Erin Sassin

Associate Professor of History of Art & Architecture

 
 work(802) 443-5830
 Spring Term 2022-Thursday 11:00 a.m. - 1:00 p.m., and by appointment
 Mahaney Arts Center 211

Erin Sassin received her PhD in the History of Architecture from Brown University in 2012. She joined the faculty at Middlebury College the same year and has been teaching courses such as “Faust's Metropolis” (art, architecture, and urbanism of Berlin), “Gender and the Making of Space,” “Bloom and Doom” (architecture and design in Vienna circa 1900—culminating in an exhibition at the Middlebury Museum of Art), “Architectural Utopias,” and a survey of Modern Architecture, among others. 

Her research is closely linked to her teaching interests: she has published articles on the public/private world of middle class women in the German Empire and the intersection of architecture, power, and ethnicity in Upper Silesia. Her book, titled "Single People and Mass Housing in Germany and Beyond (1850-1930)—(No) Home Away from Home" is forthcoming with Bloomsbury Academic.

Awarded a 2019 fellowship from the Graham Foundation for Advanced Studies in the Fine Arts, it is the first complete study of single-person mass housing  in Germany and the pivotal role this class- and gender-specific building type played for pre-war German architectural culture and society, the transnational Progressive reform movement, and Architectural Modernism in the 1920s, as well as its continued relevance. She has presented her research at CAA, GSA, SAH, and VAF, among other forums.

Currently, she’s planning an exhibition on the Bauhaus at the Museum of Art, working with Sophie Hochhäusl (UPenn) on the feminist implications of ephemeral and ad-hoc architecture constructed during World War One, and collaborating with Florence Feiereisen (German Department) on a digital project involving the infamous Berlin tenement Meyershof, “Sounding Out the Spaces of Berlin’s Working-Class Life.” Though she has been working interdisciplinary for years, she’s particularly excited that research in the Digital Humanities explicitly fosters collaboration with people from outside of her own field.

 

Courses

Course List: 

Courses offered in the past four years.
indicates offered in the current term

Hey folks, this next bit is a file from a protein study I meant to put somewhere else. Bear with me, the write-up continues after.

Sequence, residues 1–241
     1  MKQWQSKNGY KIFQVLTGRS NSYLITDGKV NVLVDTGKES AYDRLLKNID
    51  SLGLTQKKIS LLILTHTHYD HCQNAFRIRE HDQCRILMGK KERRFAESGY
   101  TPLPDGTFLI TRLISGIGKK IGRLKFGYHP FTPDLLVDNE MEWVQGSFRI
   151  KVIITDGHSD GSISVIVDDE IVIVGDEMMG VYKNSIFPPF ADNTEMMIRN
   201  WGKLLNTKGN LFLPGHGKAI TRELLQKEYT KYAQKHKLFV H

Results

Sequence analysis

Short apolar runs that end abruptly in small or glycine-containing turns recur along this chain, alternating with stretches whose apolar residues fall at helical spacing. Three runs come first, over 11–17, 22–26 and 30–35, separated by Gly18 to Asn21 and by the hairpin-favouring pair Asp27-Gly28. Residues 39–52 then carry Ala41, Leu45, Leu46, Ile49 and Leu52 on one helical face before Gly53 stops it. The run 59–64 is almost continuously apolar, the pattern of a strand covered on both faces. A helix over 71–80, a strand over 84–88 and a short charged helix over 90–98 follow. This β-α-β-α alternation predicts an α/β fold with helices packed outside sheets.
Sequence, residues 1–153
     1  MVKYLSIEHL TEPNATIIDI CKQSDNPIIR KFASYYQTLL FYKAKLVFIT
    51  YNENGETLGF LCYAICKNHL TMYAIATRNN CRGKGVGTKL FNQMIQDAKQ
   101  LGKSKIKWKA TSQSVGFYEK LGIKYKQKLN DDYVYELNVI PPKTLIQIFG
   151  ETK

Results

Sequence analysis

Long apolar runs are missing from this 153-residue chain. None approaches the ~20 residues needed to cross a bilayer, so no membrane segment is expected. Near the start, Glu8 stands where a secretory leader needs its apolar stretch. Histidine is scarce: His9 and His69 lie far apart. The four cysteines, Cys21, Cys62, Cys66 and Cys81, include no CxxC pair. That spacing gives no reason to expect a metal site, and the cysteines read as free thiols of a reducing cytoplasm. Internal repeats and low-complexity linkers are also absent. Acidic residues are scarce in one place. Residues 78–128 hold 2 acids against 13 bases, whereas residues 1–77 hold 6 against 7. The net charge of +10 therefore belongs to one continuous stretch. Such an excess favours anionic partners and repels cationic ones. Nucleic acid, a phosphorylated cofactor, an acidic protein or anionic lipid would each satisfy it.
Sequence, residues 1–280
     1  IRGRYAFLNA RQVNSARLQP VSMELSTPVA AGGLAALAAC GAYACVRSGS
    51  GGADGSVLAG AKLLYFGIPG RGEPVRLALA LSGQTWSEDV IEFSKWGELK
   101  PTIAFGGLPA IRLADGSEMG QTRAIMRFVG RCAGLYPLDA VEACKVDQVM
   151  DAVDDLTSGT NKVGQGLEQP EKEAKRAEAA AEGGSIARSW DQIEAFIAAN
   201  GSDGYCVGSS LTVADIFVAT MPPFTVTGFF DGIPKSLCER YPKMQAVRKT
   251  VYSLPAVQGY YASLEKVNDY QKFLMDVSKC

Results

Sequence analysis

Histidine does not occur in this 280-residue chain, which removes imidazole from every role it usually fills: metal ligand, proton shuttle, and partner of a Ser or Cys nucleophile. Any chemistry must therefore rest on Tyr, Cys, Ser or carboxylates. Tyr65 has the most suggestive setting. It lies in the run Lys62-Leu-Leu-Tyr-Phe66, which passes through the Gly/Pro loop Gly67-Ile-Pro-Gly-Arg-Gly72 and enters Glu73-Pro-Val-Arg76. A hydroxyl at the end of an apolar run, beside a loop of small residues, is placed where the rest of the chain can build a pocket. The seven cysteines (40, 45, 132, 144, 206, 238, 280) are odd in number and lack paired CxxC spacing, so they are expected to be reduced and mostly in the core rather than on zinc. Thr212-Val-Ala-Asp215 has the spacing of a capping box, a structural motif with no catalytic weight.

indicates offered in the upcoming term[s]

ENVS 0700 - Senior Independent Study      

Senior Independent Study
In this course, seniors complete an independent research or creative project on a topic pertinent to the relationship between humans and the environment. During the term prior to enrolling in ENVS 0700, a student must discuss and agree upon a project topic with a faculty advisor who is appointed in or affiliated with the Environmental Studies Program and submit a brief project proposal to the Director of Environmental Studies for Approval. The expectations and any associated final products will be defined in consultation with the faculty advisor. Students may enroll in ENVS 0700 as a one-term independent study OR up to twice as part of a multi-term project, including as a lead-up to ENVS 0701 (ES Senior Thesis) or ENVS 0703 (ES Senior Integrated Thesis). (Senior standing; Approval only)

Fall 2019

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FYSE 1407 - Gender & the Making of Space      

Gender and the Making of Space
In this seminar we will investigate the complex relationship between gender and architecture, examining how the design of the built environment (buildings, urban spaces, etc.) can reinforce or undermine ideas about the respective roles of women and men in society, from the creation of masculine and feminine spaces to the gendered nature of the architectural profession. By looking at both visual evidence and textual sources, we will also uncover how the social construction of gender roles and gendered spaces are—and continue to be—inflected by race, class, and sexuality. CW HIS NOR